What advice do you have for someone considering a career in intellectual property?
When I joined the EPO in 1980, I was driven more by the opportunity to live abroad than by my curiosity about patents and did not know much about them. Decades later, I understand what a wonderful professional opportunity it was. Unfortunately, not everyone gets to start their career at the EPO. Therefore, my first piece of advice is to proceed step by step, initially by making the most of all the possibilities offered at university. Today, all study programmes in science involve intellectual property to some extent. I run a course on European and international regulation and patents at the University of Bologna. Second, consider acquiring a deeper knowledge of intellectual property at one of the many post-degree specialisation schools available in various European countries. Finally, get an internship at an IP firm to get first-hand experience of an IP attorney’s actual work before deciding to pursue a career in this area.
Which of your cases has been your most memorable and why?
As a patent attorney in the pharma/biotech field, I was a patent expert for a US Big Pharma company in international litigation that, as it happened, never took place in Italy. The case concerned judiciary cross-border proceedings in many European states between two pharmaceutical companies, Japanese and American, owning two different European patents, each protecting a monoclonal antibody anti PD-1 receptor. The two antibodies (nivolumab/Opdive and pembrolizumab/Keytruda) are indicated for cancer therapy by inhibition of the T-cell negative immune regulation of PD1-receptor. The two inventors were James P Allison and Tasuku Honjo, who were both awarded the Nobel prize for medicine in 2018. Both antibodies received a marketing authorisation and are currently used in treatments.
How do you build trust and understanding with clients to ensure that they make the most informed IP decisions?
First, by always offering the patent and technical competence necessary for the specific case and not taking on cases outside my competence. Second, by adopting the utmost transparency and prudence when advising clients – I will never disguise, conceal or minimise circumstances that could later prove negative for them.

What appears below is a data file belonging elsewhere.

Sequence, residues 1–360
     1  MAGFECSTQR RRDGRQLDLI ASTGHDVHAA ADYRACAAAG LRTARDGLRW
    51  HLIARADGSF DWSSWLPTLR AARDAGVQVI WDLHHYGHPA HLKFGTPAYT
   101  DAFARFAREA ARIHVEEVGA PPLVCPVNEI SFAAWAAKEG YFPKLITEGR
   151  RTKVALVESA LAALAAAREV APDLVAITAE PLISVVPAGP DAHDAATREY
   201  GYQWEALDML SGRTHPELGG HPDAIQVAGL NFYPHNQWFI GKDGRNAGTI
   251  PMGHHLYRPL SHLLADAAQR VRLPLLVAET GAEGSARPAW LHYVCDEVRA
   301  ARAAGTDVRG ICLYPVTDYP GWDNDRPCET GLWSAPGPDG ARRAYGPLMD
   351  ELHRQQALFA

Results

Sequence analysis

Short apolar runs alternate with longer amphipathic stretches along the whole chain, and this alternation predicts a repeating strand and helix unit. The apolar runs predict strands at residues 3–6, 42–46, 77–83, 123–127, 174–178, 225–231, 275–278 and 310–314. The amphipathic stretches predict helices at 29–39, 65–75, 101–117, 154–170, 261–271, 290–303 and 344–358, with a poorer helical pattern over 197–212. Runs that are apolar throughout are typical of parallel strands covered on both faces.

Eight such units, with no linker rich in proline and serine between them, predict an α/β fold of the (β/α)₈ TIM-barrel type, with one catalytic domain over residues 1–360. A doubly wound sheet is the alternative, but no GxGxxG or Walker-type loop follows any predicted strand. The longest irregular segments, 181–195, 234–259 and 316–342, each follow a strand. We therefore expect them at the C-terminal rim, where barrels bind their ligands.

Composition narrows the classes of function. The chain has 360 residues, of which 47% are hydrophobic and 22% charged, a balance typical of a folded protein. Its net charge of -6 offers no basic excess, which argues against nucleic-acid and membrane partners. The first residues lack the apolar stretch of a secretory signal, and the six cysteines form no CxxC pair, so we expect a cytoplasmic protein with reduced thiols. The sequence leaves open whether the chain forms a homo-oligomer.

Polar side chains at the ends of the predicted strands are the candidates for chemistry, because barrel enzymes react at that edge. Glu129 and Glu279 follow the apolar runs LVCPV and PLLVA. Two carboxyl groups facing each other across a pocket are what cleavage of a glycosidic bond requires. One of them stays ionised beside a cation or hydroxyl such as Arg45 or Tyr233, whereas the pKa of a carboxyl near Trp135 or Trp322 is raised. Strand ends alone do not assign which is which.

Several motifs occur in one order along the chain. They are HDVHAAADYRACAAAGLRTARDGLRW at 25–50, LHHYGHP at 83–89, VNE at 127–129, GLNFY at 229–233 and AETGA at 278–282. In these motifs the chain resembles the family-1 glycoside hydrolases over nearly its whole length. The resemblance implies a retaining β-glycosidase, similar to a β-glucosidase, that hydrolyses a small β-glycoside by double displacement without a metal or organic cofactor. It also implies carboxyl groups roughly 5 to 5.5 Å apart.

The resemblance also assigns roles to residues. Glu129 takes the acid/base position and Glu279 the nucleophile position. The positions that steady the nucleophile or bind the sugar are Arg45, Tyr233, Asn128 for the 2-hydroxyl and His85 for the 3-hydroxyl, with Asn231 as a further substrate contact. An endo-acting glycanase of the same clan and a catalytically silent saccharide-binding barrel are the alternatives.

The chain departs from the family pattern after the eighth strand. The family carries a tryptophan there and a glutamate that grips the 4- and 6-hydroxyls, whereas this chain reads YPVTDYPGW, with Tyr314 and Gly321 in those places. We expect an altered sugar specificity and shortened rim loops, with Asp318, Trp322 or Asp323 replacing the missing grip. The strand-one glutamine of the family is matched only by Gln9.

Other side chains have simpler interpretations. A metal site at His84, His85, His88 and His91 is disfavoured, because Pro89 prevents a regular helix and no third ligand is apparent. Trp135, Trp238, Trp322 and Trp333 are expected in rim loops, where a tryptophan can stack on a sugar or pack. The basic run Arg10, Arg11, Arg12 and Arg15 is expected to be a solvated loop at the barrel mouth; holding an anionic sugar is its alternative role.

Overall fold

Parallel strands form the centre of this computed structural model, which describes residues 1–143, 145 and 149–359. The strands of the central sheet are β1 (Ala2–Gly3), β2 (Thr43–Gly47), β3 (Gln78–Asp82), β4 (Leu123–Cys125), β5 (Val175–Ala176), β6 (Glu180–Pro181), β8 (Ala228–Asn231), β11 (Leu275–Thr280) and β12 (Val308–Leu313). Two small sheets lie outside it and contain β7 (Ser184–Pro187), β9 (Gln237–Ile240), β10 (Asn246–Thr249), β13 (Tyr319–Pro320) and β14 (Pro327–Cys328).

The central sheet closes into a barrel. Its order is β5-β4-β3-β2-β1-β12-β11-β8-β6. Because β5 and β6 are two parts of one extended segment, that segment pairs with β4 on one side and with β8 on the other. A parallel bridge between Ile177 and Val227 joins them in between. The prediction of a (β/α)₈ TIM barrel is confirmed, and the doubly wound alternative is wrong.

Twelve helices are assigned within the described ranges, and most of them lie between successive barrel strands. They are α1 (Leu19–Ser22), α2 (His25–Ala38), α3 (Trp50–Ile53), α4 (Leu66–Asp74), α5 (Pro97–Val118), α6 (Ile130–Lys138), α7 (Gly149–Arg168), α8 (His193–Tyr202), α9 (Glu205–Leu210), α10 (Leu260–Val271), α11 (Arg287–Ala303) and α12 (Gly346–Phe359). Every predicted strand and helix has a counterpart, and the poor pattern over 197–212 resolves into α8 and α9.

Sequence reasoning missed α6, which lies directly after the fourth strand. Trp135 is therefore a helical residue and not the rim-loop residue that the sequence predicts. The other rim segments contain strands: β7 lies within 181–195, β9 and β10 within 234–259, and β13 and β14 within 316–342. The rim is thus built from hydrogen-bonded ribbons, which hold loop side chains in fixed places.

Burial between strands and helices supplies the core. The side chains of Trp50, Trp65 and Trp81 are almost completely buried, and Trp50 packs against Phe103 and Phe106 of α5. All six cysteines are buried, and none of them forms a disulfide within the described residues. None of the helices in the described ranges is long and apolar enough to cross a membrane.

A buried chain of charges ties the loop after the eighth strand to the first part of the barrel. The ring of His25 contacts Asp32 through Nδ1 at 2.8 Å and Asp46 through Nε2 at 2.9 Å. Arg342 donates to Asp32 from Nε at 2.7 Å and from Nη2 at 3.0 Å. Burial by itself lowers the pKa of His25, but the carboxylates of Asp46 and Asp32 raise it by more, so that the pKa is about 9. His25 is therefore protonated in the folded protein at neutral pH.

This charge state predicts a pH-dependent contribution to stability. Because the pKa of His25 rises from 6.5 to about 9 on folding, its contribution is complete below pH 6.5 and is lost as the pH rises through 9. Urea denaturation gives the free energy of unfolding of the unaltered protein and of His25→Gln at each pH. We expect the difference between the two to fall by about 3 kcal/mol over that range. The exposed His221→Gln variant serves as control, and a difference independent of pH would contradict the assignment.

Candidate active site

What are your top three tips for rights holders managing parallel patent infringement proceedings in several European jurisdictions?
The golden rule is to always try for a satisfactory out-of-court solution. If this is not possible, then make an accurate cost-benefit assessment before lodging parallel infringement actions in multiple jurisdictions. In the case of small businesses or limited damages in expensive jurisdictions (eg, the United States or the United Kingdom), the legal – and expert – costs can dramatically erode any potential economic reward.
In any case, I always strongly recommend coordinating the patent strategies developed by different attorney teams in other jurisdictions to avoid any possible contradictions.
When the alleged infringement is taking place in many different states, smart forum shopping may offer the considerable strategic advantage of starting off the bundle of actions with a first favourable judgment. Due to the transfer of information between the different national teams involved in the case, a first positive outcome in one jurisdiction may influence all subsequent judgments.
With regard to the proposed global suspension of vaccine patents, what could this mean for life sciences patents concerning not only vaccines but also other important new medicaments?
The suspension of patent rights on vaccines and other medicines is not a solution for the present pandemic, nor future ones. In any case, one should first seriously analyse decisive questions, such as:
- What is the purpose of the suspension?
- Which patents should be suspended?
- Which legal instruments should be used to achieve this?
Primarily, is the purpose to make the medicine available at low cost to the least developed countries, or to increase production of the medicine to meet demand in the most developed countries?
With regard to the second question, all modern vaccines are protected by a network of patents, but no producer owns all of the rights necessary to produce its vaccine. Therefore, should all patents throughout the whole network be suspended?
Finally, compulsory licences provided by the WTO Agreement on Trade-Related Aspects of Intellectual Property are unsuitable legal tools. Yet the waiver of patent rights requested by India and South Africa and provided by the Marrakesh Agreement would take too long to implement and is therefore totally incompatible with a health emergency.
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Before joining Società Italiana Brevetti, Claudio Germinario spent more than 20 years at the EPO as a biotechnology examiner and member of the board of appeal competent for pharmaceuticals. He provides technical counsel in patent litigation in the pharmaceutical field, representing Big Pharma companies in infringement and nullity proceedings before Italian and foreign courts, often working on several parallel national and cross-border proceedings simultaneously. He teaches European and international regulatio